Economic Update

Published 01 Aug 2018

Kuwait’s stock exchange is accelerating efforts to raise its profile both internationally and at home, expanding the range of products on offer and easing listing requirements, moves that could see it granted emerging market status by 2020.

On July 21 Boursa Kuwait announced it been granted membership of the Federation of Euro-Asian Stock Exchanges, an umbrella grouping of markets spanning Eastern Europe, the Middle East and Central Asia.

Joining the 35-member group will see Boursa Kuwait gain access to data, research and analysis from other exchanges, and is part of a campaign to increase its standing and deepen integration with global markets.

MSCI to consider upgrade to emerging market status

The development was followed a day later by the announcement that index operator MSCI will consider promoting Boursa Kuwait from frontier market to emerging markets status in its 2019 Annual Market Classification Review, to be concluded by June next year.

If successful, the exchange will be elevated to emerging market status in May 2020, with MSCI to monitor its criteria for liquidity, trading volume and regulatory compliance.

MSCI’s ratings wield significant influence, and it is estimated that an upgrade to emerging market status could attract up to $1.5bn into the Kuwaiti exchange.

The announcement had an immediate impact, with daily trading values jumping to an average of KD21m ($69.3) the following day, compared to the KD11m ($36.3) average for earlier in the year.

Meanwhile, the MSCI decision is the latest recognition of the growing maturity of the exchange.

Last year the FTSE Russell Governance Board announced it was including Boursa Kuwait on its Secondary Emerging Market Index. The entry is scheduled to take place in two stages, in September and December this year, having been on the FTSE’s watchlist since 2008.

“After years of working towards ticking the boxes of FTSE for the upgrade, we are thrilled to have achieved this milestone,” Khaled Abdulrazzaq Al Khaled, the exchange’s CEO, told OBG. “Typically, such upgrades trigger a significant increase in turnover and foreign investment into the respective market.”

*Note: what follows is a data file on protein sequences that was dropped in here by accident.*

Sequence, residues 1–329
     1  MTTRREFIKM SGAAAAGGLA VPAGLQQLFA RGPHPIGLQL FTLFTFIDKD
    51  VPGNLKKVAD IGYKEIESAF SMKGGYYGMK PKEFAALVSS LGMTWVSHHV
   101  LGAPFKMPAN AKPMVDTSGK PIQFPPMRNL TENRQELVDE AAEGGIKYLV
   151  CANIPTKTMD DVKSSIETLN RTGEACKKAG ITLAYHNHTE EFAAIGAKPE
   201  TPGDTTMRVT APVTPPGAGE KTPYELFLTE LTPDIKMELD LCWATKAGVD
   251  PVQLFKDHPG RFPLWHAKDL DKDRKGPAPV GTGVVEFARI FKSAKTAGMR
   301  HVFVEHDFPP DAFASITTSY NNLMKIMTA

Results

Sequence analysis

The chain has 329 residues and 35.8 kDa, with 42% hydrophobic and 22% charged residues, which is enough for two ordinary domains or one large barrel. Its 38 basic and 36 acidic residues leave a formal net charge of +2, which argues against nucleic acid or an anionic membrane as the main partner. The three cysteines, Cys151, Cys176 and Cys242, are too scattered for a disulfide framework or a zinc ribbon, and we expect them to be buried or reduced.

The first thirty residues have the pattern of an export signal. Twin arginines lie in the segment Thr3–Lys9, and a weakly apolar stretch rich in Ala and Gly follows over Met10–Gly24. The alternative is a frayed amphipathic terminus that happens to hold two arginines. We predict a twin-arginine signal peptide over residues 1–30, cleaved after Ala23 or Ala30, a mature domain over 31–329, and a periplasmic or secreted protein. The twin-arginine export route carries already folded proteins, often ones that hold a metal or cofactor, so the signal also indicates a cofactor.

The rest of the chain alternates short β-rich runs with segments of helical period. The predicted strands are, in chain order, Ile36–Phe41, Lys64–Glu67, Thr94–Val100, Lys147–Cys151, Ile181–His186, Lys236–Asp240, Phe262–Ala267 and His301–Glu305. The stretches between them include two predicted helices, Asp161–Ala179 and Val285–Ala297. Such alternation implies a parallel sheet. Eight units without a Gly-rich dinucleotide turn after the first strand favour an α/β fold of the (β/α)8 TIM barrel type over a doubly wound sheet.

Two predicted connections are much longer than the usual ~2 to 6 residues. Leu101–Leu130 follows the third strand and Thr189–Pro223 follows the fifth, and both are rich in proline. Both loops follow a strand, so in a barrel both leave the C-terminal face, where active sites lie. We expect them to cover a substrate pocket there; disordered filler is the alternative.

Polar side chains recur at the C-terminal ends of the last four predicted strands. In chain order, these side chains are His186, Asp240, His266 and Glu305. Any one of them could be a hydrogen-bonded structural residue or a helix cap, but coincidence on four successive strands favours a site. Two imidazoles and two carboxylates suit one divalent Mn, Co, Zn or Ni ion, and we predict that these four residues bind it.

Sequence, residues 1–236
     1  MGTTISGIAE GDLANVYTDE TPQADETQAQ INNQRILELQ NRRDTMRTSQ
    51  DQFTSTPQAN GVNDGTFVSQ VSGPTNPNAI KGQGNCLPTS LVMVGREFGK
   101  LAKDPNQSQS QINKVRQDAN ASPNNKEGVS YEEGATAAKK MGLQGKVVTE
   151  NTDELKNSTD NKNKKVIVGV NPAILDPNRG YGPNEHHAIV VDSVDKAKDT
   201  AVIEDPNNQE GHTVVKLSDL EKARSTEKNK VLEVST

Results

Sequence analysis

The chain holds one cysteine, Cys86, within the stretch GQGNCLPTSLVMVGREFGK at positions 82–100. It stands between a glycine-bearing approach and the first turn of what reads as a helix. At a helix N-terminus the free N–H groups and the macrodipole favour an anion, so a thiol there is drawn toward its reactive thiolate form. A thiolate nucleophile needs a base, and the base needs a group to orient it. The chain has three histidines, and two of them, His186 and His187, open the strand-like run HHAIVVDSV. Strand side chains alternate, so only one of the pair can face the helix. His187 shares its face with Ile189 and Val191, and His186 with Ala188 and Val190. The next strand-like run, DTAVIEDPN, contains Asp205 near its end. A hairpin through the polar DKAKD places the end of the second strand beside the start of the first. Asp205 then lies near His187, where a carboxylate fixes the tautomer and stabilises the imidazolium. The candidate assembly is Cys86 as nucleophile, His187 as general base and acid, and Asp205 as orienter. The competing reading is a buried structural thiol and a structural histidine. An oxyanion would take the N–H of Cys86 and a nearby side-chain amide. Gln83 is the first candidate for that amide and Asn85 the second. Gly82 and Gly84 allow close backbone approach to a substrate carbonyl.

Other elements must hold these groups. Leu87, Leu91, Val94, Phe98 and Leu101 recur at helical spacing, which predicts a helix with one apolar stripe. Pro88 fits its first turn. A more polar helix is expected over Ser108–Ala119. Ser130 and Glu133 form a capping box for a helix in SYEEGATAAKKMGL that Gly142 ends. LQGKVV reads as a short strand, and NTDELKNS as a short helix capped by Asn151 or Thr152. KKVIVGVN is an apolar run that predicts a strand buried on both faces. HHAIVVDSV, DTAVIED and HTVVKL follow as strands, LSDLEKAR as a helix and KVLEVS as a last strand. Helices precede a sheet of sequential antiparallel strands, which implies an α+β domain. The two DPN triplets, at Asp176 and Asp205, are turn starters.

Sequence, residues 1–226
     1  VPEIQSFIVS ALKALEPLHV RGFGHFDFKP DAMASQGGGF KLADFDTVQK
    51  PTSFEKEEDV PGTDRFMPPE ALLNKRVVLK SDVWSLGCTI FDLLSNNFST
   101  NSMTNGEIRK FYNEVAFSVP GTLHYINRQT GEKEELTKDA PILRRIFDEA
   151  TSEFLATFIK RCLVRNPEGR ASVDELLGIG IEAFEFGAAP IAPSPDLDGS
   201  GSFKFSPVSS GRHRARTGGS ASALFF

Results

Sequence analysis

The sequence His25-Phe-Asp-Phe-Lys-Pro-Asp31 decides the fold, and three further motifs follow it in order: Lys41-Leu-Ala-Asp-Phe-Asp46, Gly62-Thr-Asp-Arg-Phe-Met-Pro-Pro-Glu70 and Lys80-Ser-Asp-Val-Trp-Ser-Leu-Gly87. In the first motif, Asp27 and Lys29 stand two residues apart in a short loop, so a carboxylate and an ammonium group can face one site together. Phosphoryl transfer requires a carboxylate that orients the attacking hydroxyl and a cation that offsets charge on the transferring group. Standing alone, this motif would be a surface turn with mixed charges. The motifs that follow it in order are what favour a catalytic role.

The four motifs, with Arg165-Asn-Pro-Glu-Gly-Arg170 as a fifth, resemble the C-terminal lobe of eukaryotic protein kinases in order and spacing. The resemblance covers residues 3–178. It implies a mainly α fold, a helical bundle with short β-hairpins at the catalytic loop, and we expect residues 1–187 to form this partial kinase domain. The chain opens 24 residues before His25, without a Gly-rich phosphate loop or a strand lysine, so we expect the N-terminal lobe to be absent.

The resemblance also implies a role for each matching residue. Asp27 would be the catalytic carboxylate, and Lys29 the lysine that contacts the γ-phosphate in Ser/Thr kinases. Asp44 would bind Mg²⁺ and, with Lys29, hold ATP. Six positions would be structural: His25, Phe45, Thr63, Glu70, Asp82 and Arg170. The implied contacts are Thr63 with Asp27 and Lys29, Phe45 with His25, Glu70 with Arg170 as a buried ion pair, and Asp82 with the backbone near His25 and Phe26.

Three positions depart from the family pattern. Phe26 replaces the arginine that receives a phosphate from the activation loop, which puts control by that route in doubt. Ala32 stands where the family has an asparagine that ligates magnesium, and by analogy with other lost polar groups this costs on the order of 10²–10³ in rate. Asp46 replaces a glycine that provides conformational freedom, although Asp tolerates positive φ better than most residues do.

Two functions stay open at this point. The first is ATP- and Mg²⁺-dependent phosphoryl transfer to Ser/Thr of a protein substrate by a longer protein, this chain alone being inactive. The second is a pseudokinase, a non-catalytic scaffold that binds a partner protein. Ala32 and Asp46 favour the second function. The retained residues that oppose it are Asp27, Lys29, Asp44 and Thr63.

The decision to include the exchange on the index is seen as an acknowledgement of efforts to boost transparency and align operating practices with international standards, and is expected to generate capital inflows of more than $800m, according to some analysts.

Reforms designed to attract greater investment

The reclassification of the exchange comes on the back of a series of reforms aimed at increasing the market’s appeal as a listing and trade destination.

Among these is a relaxation of listing requirements, allowing for dual listings – a measure officials hope will see companies already trading on the boards of other regional exchanges apply for inclusion on the local index.

Other recently enacted measures include the launch in April of a segmented index system that will divide the market into three parts – premier, main and auction – similar to practices adopted by other exchanges.

The premier segment represents the blue chip firms trading on the exchange, the main deals those companies that need to maintain minimum level of liquidity in accordance with basic requirements, while the auction segment will consist of low-liquidity firms, regardless of their market capitalisation, which will be traded through special mechanisms, rather than listed on the main indices.

Exchange expecting increase in IPOs

The market is also set to secure a longer-term boost thanks to reforms introduced in 2015 requiring operators of power and other infrastructure projects developed under the public-private partnership (PPP) model to conduct a public float of the vehicle.

In March Boursa Kuwait officials said the country’s infrastructure rollout could see up to six new initial public offerings (IPOs) on the exchange over the next four years.

However, it is not just the revised requirements of the PPP programme that could boost IPO activity, with local media reporting firms in other sectors – including logistics and equipment services firm Jassim Transport & Stevedoring Company, and diversified financials operator Amlak Capital Holding – are also considering listing on the exchange.

The exchange is itself set to go public with its own IPO by the first quarter of next year, with officials announcing plans to float between 26% and 44% of shares.

To further enhance its bid to gain MSCI emerging market status, the listing will be followed by more reforms and the delivery of a wider range of trading products, including derivatives and the launch of a central counterparty clearing platform.